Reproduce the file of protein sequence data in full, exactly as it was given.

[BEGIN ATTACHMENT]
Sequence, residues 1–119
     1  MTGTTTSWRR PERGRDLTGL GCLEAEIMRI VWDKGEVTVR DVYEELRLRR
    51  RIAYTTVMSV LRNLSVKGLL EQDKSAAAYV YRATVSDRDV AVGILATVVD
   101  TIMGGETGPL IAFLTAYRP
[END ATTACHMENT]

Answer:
Sequence, residues 1–119
     1  MTGTTTSWRR PERGRDLTGL GCLEAEIMRI VWDKGEVTVR DVYEELRLRR
    51  RIAYTTVMSV LRNLSVKGLL EQDKSAAAYV YRATVSDRDV AVGILATVVD
   101  TIMGGETGPL IAFLTAYRP